October 19, 2004

Corrections can be a Cow

MediaCow writes…

If you run a newspaper then having a Corrections and Clarifications column can be jolly helpful – it allows minor errors to be amended at little ‘cost’. You called the pensioner on page 8 May Viscount, and her son is upset because her name is Mavis Count? No problem: it can be easily fixed.

But sometimes the space can be used to tuck away massive u-turns that should really be given more attention. In today’s Herald, the Corrections & Clarifications (not available online) contains several errors that should have been signalled in the columns or news space where the errors were made.

Let’s focus for now on just one entry:

New Zealand’s ranking in the World Economic Forum growth competitiveness index fell from 14th place last year to 18th this year. It did not rise five places as reported in the Business Herald on Friday. And New Zealand did not rise one place to 17th in the business competitiveness index, but was unchanged at 18th place.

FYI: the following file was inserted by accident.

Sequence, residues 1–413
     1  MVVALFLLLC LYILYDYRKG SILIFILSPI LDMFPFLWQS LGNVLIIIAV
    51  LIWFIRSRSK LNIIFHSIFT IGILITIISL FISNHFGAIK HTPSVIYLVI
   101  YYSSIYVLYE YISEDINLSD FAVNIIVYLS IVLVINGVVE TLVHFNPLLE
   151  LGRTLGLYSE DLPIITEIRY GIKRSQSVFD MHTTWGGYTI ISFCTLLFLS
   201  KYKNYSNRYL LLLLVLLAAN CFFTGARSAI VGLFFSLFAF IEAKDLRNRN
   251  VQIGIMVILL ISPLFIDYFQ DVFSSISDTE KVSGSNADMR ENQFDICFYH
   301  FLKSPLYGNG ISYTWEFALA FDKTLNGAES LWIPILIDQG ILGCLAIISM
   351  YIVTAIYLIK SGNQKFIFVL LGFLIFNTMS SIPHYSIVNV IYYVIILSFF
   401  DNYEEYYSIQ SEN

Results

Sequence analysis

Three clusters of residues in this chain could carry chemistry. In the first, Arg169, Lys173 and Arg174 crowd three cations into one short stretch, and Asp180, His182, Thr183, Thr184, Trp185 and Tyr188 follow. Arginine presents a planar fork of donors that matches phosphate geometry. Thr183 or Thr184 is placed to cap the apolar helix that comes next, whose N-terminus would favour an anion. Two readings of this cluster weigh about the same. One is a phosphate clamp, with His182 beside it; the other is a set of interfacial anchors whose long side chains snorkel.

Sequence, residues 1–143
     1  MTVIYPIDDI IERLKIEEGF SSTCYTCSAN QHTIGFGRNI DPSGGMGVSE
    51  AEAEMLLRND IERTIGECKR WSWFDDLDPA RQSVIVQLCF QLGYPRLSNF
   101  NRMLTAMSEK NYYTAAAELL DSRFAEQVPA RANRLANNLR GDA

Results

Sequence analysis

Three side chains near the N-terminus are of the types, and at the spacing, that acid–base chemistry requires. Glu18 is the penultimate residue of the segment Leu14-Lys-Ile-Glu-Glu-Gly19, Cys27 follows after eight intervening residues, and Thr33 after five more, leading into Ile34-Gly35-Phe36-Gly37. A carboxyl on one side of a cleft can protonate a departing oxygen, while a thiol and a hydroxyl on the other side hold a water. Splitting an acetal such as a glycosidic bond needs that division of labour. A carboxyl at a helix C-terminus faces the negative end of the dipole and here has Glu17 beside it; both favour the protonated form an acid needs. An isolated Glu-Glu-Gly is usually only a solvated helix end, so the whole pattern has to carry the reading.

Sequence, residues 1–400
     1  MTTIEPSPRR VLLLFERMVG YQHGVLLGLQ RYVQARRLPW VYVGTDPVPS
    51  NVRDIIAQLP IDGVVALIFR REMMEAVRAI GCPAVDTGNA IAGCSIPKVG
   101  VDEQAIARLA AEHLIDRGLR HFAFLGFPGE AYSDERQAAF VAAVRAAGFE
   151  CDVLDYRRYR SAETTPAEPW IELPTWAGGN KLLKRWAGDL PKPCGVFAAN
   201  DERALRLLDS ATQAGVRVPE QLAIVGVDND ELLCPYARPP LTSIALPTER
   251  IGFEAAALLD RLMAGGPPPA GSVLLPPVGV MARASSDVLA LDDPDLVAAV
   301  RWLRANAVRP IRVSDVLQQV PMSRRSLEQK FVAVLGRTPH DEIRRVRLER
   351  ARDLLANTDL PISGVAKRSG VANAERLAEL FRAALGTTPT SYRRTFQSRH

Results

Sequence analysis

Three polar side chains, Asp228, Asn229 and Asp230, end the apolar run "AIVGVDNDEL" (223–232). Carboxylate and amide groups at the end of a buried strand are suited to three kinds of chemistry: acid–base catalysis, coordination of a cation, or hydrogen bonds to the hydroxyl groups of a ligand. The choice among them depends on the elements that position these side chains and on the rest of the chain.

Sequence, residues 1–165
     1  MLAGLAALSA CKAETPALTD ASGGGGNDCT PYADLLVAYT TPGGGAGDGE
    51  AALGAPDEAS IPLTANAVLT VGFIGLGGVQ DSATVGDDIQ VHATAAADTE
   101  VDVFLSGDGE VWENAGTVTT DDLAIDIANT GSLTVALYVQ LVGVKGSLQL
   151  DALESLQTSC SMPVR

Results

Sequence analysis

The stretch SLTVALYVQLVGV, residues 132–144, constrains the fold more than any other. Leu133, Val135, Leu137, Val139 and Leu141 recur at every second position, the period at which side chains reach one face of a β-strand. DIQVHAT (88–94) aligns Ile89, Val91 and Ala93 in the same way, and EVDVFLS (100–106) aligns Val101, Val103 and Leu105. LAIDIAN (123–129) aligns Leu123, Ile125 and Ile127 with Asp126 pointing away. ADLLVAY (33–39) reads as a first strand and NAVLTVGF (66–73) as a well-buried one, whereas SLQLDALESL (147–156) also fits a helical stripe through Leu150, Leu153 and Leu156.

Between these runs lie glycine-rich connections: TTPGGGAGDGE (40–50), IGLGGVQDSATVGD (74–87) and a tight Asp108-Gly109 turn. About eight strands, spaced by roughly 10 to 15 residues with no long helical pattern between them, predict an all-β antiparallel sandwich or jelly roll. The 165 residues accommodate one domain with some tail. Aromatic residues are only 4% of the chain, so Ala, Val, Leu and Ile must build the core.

In other words: “We mucked up the entire story”.

The Herald used a Reuters article which was correct, but at some stage incorrect local information was added.

Other papers, such as the NBR, got the news right – New Zealand had dropped in both ‘growth competitiveness’ and ‘business competitiveness’. On the positive side of the ledger, we were still in the top 20.

The correction was printed yesterday, and the online version quietly amended. But the clever fellow who updated the website story forgot to change the headline (“NZ gains, but Finland is the competitive winner”), and obviously didn’t realise that the Auckland Chamber of Commerce chief executive’s comments no longer make any sense (he thought New Zealand's new positioning was positive).

It’s good to be upfront about errors and it is great the Herald has a Corrections and Clarifications column. That is the right place for run-of-the-mill mistakes.

But when the error is a biggun, this not-for-the-website column can give the impression that its authors are trying to slip one past their readers.

Newspapers don’t need to indulge in ghastly ‘mea culpa’ articles every two days, but if they did give significant treatment to significant balls-ups, they would provide greater reason for reporters to avoid them in the first place.

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